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Hangzhou, China

Research Building

Hangzhou, China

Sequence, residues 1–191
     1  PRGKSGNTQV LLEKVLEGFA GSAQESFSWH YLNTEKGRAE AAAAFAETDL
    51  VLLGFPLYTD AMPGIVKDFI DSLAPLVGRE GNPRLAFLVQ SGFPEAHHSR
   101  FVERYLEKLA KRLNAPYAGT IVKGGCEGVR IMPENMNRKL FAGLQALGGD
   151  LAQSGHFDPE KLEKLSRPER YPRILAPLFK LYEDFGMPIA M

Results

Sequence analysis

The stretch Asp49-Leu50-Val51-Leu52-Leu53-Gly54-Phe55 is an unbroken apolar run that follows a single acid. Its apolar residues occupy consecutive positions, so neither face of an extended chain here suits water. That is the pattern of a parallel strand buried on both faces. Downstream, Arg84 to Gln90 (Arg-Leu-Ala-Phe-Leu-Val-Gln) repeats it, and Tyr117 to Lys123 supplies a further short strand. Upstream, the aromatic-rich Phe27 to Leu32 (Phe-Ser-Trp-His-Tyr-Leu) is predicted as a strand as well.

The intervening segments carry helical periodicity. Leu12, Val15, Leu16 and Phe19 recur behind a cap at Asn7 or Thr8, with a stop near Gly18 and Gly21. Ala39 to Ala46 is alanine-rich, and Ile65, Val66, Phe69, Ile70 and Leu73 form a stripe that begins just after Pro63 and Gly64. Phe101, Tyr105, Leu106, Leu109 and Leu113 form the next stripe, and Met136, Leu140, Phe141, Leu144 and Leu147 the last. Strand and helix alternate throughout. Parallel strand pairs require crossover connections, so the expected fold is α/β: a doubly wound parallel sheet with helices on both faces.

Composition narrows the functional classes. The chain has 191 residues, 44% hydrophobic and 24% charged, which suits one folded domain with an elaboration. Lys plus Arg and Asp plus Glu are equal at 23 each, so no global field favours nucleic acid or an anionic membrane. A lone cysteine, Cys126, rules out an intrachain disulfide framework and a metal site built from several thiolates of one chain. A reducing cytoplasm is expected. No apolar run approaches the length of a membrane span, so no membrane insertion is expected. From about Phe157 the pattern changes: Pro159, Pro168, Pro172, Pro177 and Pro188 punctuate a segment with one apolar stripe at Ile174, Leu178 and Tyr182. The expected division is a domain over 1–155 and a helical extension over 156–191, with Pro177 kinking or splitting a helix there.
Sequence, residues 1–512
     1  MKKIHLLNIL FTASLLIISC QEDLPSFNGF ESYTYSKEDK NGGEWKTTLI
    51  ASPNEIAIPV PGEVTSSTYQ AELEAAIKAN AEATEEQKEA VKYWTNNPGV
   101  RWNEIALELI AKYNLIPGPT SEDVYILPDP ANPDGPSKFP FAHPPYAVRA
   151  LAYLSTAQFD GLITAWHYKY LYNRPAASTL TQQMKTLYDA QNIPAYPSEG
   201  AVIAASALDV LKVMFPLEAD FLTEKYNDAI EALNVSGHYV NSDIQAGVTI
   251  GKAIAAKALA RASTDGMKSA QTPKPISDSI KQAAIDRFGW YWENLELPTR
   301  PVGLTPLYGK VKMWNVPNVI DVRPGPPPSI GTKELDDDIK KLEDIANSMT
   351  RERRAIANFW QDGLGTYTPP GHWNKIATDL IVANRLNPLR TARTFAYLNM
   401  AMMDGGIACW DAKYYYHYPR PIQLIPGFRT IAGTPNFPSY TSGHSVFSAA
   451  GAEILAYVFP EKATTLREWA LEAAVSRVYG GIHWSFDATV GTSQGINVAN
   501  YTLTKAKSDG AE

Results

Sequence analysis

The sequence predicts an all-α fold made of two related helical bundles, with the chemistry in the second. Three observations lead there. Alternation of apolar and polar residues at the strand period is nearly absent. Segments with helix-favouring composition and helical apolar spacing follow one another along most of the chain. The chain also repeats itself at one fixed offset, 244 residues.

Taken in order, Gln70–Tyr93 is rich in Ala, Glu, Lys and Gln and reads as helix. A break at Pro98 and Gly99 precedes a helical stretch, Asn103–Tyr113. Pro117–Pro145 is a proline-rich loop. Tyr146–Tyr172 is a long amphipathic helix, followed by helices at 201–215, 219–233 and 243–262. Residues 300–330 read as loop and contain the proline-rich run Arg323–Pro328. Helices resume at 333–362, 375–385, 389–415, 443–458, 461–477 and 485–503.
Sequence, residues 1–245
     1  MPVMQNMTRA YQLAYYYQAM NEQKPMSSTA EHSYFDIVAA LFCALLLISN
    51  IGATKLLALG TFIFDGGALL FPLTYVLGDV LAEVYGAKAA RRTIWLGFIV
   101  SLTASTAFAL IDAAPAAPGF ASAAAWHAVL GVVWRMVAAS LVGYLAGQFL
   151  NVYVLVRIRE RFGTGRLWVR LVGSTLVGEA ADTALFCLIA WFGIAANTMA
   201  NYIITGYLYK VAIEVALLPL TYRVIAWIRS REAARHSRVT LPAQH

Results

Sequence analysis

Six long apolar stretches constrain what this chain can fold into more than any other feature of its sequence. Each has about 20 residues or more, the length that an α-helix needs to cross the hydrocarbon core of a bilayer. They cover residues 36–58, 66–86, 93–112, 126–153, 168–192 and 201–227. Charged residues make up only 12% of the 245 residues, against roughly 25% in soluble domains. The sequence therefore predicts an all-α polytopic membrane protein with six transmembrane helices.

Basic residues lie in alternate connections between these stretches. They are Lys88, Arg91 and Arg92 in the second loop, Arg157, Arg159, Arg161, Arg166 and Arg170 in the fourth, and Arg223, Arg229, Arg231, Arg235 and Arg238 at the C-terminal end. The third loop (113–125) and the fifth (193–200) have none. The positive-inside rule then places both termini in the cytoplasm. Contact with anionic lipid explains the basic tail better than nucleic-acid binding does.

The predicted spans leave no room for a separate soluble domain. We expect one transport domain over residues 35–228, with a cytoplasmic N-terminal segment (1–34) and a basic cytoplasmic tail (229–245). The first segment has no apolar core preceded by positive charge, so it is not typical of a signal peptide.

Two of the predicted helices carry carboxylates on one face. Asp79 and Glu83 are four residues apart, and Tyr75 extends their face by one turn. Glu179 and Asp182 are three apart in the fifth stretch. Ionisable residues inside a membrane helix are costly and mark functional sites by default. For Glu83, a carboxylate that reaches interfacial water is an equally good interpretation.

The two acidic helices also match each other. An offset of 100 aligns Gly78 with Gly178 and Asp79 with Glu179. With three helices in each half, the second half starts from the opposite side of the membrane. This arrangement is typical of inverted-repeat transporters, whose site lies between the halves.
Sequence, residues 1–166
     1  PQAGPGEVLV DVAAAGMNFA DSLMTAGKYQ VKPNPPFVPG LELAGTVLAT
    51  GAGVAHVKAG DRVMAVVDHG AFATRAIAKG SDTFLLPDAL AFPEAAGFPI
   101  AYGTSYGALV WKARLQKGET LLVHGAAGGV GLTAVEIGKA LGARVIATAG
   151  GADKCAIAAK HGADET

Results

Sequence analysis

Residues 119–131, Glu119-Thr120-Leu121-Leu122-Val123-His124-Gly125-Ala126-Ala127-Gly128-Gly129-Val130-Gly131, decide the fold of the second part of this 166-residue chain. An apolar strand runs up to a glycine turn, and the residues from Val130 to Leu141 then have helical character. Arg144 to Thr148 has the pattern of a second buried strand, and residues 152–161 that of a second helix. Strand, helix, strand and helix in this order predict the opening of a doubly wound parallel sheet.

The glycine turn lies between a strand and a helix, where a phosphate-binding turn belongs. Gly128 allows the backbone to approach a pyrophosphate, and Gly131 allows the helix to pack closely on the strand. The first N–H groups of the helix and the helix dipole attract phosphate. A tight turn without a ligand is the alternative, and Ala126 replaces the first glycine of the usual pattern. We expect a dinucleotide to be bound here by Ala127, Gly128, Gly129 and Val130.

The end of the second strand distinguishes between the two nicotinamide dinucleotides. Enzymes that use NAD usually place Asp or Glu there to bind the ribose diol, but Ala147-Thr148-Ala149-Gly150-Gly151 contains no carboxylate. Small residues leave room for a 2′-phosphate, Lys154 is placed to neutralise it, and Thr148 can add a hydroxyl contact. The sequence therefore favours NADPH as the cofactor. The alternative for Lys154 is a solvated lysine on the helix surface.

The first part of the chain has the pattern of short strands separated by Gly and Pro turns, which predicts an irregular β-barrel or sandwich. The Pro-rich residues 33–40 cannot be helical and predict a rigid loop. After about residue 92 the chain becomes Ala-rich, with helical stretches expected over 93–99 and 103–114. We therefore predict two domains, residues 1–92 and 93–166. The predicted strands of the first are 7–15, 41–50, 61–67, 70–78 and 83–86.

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Tokyo, Japan - Nokia and leading Japanese operator KDDI have conducted a country-first trial simulating future 5G network demands, providing high-speed, one gigabit-per-second connectivity inside an apartment block using Nokia radio technology on the 28GHz band. The trial, conducted between the KDDI Research Building and an apartment approximately 100 meters away, achieved speeds in excess of 1Gbps on the 28GHz band, demonstrating how 5G technology can be used inside apartment blocks to meet demand for wireless ultra-broadband in megacities such as Tokyo, the most densely populated metropolitan area in the world. The trial took place in Fujimino City of Saitama Prefecture and marks the first in a series of 5G collaborations between Nokia and KDDI following the signing of a Memorandum of Understanding (MoU) last year to develop technologies for a new, faster generation of wireless communications. Akira Matsunaga, Senior Director, Mobile Network Technical Development, KDDI, said: "The speeds achieved in this trial show great potential for us to deliver high-quality services. Working with Nokia, we want to develop the use of technologies that deliver on the promise of 5G to meet our subscribers needs." Jae Won, head of Nokia Japan, added: "This trial is an important milestone both in our collaboration with KDDI and in our development of technology to meet the ever-growing demands of the large populations of megacities. 5G promises to deliver the ultra-low latency, capacity and high speeds for these types of deployment, and this trial is a great example of how it can be applied to transform the entertainment experience as one of the many use cases 5G has to offer." About KDDI KDDI, a comprehensive communications company offering fixed-line and mobile communications services, strives to be a leading company for changing times. For individual customers, KDDI offers its mobile communications (mobile phone) and fixed-line communications (broadband Internet/telephone) services under the brand name au. For business clients, KDDI provides comprehensive Information and Communications services, from Fixed Mobile Convergence (FMC) networks to data centers, applications, and security strategies, which help clients strengthen their businesses. For more information please visit http://www.kddi.com/english About Nokia We create the technology to connect the world. Powered by the research and innovation of Nokia Bell Labs, we serve communications service providers, governments, large enterprises and consumers, with the industry's most complete, end-to-end portfolio of products, services and licensing. From the enabling infrastructure for 5G and the Internet of Things, to emerging applications in virtual reality and digital health, we are shaping the future of technology to transform the human experience. www.nokia.com Media Enquiries Nokia Japan Communications Takanobu Hori Phone: +81 80 5686 4643 E-mail: takanobu.hori@nokia.com